Gustavo Adolfo Bécquer Critical Essays


(Literary Essentials: Great Poems of the World)

The poems that made Gustavo Adolfo Bécquer famous, and that make up practically his entire production, are those included in his book The Rhymes. Only eight or ten other poems have been found, almost all juvenilia and not of high quality. When Bécquer’s friends published the first edition of his works in 1871, The Rhymes consisted of seventy-six untitled poems as well as the previously published prose works. Another manuscript of the collection was later found, containing three more poems, for a total of seventy-nine. The discovery and publication of other poems raised the number to ninety-four, but later it was proved that many of the new poems actually had been written by Bécquer’s contemporaries or had been fraudulently attributed to him.

The single most important influence on Bécquer’s poetry was Heinrich Heine, whose impact on Bécquer is universally acknowledged. In addition, critics have pointed out a wide variety of lesser influences, ranging from George Gordon, Lord Byron and Edgar Allan Poe to the German poets Johann Wolfgang von Goethe, Friedrich Schiller, and Anastasius Grün (pseudonym of Anton Alexander, count of Auersperg) and the Spanish poets Eulogio Florentino Sanz (the translator of Heine into Spanish), José María de Larrea, and Augusto Ferrán. Nevertheless, Bécquer’s poetic genius was so powerful that he was capable of fusing these influences with that of the popular Andalusian tradition to create his own distinctive style.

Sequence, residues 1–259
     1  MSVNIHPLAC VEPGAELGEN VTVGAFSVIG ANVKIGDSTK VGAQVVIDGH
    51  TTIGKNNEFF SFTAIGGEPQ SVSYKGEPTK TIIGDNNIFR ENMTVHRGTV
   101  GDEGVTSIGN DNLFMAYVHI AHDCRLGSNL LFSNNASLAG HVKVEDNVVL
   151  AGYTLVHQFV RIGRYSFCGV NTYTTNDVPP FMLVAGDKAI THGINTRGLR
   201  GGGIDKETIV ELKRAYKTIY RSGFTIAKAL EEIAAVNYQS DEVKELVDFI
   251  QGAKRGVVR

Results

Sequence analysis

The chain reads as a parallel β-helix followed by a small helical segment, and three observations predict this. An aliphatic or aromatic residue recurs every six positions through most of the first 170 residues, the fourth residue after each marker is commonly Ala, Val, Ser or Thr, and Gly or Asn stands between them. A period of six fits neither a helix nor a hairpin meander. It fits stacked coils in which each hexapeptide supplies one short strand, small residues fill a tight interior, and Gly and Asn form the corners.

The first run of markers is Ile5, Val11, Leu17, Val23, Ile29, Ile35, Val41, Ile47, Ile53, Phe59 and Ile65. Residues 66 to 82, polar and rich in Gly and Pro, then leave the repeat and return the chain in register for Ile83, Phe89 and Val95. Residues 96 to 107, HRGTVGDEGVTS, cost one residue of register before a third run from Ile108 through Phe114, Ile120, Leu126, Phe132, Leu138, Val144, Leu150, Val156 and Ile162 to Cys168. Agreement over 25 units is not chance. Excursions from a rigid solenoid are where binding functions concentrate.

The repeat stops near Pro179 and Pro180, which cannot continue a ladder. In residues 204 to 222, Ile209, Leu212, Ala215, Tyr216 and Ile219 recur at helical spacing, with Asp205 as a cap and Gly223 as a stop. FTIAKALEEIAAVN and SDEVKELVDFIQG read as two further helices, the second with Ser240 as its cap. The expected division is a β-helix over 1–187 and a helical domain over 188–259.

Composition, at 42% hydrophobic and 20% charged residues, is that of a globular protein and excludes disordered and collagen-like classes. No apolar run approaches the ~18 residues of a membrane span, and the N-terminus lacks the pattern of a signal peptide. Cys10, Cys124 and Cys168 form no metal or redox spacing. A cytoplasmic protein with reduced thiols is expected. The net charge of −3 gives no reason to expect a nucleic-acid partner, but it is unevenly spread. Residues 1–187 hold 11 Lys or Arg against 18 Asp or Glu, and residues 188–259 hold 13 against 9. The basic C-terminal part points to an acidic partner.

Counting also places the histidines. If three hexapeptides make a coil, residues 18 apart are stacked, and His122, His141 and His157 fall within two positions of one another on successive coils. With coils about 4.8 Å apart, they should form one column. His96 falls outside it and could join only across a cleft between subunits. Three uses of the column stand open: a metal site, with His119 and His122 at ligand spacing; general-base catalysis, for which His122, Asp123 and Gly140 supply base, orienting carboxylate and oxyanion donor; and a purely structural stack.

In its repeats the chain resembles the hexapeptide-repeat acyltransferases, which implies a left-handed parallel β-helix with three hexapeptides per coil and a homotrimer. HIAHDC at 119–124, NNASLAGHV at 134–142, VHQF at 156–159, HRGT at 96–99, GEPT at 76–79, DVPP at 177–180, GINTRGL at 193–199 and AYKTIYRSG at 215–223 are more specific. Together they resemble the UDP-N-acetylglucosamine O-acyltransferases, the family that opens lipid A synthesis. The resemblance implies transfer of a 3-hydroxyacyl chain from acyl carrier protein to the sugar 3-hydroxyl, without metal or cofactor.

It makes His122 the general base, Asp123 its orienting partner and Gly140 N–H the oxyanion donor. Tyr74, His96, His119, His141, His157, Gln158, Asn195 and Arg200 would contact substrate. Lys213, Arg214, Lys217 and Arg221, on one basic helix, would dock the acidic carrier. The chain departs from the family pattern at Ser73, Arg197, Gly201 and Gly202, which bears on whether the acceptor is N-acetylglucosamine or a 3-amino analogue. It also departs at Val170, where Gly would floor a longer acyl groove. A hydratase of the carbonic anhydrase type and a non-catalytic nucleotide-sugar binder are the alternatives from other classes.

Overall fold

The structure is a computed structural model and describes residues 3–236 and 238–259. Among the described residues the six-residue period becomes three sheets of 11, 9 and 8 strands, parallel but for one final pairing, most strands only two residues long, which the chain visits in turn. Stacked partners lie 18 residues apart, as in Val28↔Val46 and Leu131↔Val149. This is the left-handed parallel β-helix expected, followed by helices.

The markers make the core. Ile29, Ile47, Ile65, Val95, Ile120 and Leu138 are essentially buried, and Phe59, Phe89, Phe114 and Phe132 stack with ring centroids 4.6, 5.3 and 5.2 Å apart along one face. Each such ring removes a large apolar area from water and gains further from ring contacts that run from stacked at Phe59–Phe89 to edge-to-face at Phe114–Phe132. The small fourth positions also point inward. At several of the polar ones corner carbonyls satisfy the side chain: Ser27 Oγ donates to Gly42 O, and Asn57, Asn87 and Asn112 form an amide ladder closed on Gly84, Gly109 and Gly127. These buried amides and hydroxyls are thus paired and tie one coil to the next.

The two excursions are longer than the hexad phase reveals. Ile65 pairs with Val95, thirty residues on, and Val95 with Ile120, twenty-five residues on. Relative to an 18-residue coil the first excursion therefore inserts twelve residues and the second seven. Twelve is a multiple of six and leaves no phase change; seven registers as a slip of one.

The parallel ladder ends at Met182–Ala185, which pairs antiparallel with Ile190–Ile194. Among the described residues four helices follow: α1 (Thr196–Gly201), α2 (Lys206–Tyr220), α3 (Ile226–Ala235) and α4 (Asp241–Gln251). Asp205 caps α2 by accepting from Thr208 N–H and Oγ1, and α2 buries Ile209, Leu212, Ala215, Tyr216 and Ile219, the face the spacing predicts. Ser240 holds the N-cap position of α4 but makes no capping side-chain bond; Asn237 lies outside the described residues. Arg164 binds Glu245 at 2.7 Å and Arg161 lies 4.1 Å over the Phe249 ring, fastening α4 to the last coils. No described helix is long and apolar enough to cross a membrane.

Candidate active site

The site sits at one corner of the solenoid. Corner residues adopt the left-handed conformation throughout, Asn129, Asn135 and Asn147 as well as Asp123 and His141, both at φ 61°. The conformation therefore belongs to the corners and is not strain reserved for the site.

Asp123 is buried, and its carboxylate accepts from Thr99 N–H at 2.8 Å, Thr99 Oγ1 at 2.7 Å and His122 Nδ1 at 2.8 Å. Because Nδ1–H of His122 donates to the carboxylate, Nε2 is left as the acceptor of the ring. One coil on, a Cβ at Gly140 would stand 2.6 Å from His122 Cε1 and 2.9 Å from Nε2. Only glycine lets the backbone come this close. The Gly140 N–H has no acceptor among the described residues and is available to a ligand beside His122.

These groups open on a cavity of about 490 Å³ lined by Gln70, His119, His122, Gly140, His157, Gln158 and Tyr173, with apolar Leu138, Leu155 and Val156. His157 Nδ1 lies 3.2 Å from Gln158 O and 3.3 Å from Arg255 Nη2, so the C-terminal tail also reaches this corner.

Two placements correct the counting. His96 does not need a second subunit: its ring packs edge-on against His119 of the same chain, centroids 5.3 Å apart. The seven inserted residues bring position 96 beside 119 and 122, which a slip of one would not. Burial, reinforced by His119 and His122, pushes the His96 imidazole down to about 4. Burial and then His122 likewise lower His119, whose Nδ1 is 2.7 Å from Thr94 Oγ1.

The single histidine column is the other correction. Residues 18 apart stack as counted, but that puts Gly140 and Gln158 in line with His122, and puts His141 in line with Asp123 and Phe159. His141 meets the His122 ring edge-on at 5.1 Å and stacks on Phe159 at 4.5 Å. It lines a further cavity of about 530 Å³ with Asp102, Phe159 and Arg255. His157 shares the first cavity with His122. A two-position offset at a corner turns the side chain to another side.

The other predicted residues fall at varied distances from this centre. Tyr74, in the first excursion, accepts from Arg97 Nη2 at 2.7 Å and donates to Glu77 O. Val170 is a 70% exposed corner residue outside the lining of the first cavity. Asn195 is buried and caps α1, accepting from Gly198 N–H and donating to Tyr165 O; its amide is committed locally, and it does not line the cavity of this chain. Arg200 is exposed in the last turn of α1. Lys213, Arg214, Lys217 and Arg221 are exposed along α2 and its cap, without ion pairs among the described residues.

The most important characteristics of Bécquer’s poetry are its simplicity and its suggestive, ethereal inwardness. It should be noted that the great majority of his poems are very short; his verse lines are generally short as well, and he prefers assonance to rhyme. Bécquer’s language is elegant but simple, lacking exotic and high-sounding words, and he uses a minimum of rhetorical techniques. His preference for suggestion rather than explicit statement is reflected in his frequent use of incorporeal motifs such as waves of light, the vibration of air, murmurs, thoughts, clouds, and sounds. Anecdotes are absent from his poetry, except for some extremely short ones that are indispensable to the communication of emotions. Nature appears in his poems impressionistically, mirroring the poet’s interior drama. Above all, Bécquer is an eminently subjective poet who uses his poetry to express his inner feelings with almost complete indifference to the objective reality of the world.